A Michigan native, Jeffrey McHale has over 15 years experience directing and editing short films, commercials and music videos. He makes his feature-length debut with You Don’t Nomi, a documentary love-letter to Paul Verhoven’s camp Las Vegas-set cult classic Showgirls, starring Elizabeth Berkley as the ambitious dancer Nomi Malone.
ASFF: What was your first encounter with Showgirls?
JM: I came to it late in life, so I was probably a little bit too sheltered to see it when it first came out in ’95. I was probably still watching Saved By The Bell! So it was about 10 years after. It had already become a queer cult classic. It’s probably similar to the way that a lot of people experience Showgirls – a friend sits you down and says, ‘You have to watch this right now.’ And that’s what happened to me. I was just hanging out with a friend in his apartment. Showgirls came up – I was living in Chicago going to film school at the time – and it just blew my mind on first viewing. I’d never seen anything like it. It was bad in such a unique and special way, you just didn’t want it to end.
ASFF: Why do you think it has this appeal to the LGBTQ+ community?
JM: On face value…it’s over the top. There’s these elaborate stage productions, the dialogue is vulgar. There are these two female characters – and A Star Is Born, All About Eve type story that I think appeals. Then there was a rejection from the mainstream. Maybe it was seen as a little bit more rebellious – the counterculture embracing it and taking it in. And there is this deeper level that that queer people can identify with Nomi Malone personally – her journey and some of her struggles.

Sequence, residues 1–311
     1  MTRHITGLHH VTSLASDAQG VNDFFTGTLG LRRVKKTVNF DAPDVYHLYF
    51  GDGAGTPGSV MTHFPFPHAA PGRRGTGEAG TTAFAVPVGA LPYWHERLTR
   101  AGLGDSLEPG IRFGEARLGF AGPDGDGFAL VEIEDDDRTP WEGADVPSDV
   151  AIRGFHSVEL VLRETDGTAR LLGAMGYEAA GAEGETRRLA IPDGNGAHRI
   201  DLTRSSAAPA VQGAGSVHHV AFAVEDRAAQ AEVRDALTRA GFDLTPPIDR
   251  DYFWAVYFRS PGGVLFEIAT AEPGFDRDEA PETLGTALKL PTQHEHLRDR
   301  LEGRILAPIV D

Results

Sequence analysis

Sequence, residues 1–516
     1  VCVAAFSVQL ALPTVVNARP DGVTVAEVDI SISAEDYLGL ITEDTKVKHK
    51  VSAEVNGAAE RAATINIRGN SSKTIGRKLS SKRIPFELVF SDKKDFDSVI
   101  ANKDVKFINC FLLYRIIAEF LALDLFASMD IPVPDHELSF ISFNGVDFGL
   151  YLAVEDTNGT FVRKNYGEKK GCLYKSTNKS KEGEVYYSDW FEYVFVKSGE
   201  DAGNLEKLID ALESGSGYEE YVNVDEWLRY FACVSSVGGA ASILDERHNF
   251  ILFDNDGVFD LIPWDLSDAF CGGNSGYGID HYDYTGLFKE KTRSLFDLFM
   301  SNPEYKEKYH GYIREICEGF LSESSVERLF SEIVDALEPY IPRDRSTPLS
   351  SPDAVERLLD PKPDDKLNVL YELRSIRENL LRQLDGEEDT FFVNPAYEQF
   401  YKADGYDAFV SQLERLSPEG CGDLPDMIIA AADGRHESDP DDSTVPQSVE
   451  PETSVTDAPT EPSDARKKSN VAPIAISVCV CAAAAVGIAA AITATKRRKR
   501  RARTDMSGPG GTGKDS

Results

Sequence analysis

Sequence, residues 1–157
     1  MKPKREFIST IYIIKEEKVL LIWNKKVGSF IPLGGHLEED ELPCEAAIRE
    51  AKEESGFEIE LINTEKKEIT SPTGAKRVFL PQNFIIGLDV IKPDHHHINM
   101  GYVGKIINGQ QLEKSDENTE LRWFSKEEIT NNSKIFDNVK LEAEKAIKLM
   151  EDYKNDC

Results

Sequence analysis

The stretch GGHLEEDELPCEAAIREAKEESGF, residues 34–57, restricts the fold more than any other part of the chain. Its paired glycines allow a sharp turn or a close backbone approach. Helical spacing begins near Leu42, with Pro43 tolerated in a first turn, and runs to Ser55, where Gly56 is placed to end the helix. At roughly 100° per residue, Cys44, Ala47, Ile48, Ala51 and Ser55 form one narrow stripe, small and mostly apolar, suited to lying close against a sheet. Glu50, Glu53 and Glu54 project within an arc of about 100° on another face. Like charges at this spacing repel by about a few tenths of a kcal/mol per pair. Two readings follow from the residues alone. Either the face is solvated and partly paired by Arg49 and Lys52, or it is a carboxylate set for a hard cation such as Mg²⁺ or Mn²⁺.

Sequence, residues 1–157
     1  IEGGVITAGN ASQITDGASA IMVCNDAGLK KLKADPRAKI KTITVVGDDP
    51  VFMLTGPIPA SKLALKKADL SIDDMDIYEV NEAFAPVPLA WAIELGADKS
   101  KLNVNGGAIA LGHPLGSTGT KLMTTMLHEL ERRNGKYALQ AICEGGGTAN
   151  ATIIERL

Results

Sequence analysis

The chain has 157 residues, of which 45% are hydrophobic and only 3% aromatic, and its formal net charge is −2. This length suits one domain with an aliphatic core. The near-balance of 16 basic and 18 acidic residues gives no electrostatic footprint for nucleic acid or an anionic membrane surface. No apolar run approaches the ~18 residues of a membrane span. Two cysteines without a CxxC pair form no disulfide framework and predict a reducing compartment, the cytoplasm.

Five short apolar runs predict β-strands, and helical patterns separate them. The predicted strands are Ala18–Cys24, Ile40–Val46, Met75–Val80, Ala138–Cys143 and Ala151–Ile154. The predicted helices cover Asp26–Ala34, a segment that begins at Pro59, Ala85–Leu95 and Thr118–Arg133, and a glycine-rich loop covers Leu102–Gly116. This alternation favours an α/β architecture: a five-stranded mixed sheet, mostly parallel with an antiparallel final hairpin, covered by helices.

ASFF: What made you decide to pursue a documentary around the film’s reputation and rehabilitation?
JM: I’m a television editor by trade. I didn’t necessarily set out to make a documentary, but I wanted explore the subject further and figure out my own curiosity around it, why we’re still drawn to it, why we’re still talking about it. And so that’s when I just started to consume everything that had been written about it. Read the books, the poems, the reviews, articles, the think pieces over the years. I was really inspired by just kind of a wide range of opinions in relationship to the film.
ASFF: You don’t do fresh interviews with the cast or creators of Showgirls, but instead approach it more as an essay, with contributions from critics and fans. What was behind that thinking?
JM: I was very much inspired by Room 237 and Los Angeles Plays Itself. And I love those as formats. Knowing what could be done, with clips and commentary, I thought, ‘There’s a lot of creative opportunities here to explore the subject.’
ASFF: Where do you stand on it now?
JM: That’s a good question. If I were to kind of pick one of the one of the three categories in the film, it would definitely be the “masterpiece of shit”. I approached this, obviously, as a fan of the film and I wanted to have an honest conversation about it. Flaws and all. I really wanted to explore those things and one of the interesting things was even the people who have devoted significant portions of their life to creating Showgirls artwork and writing can all see those flaws. And I find that interesting. Yes, there are people who say it’s a masterpiece, but I think it’s like a wink and a nod masterpiece.
You Don’t Nomi is available to demand from 12 June. For more details, click here.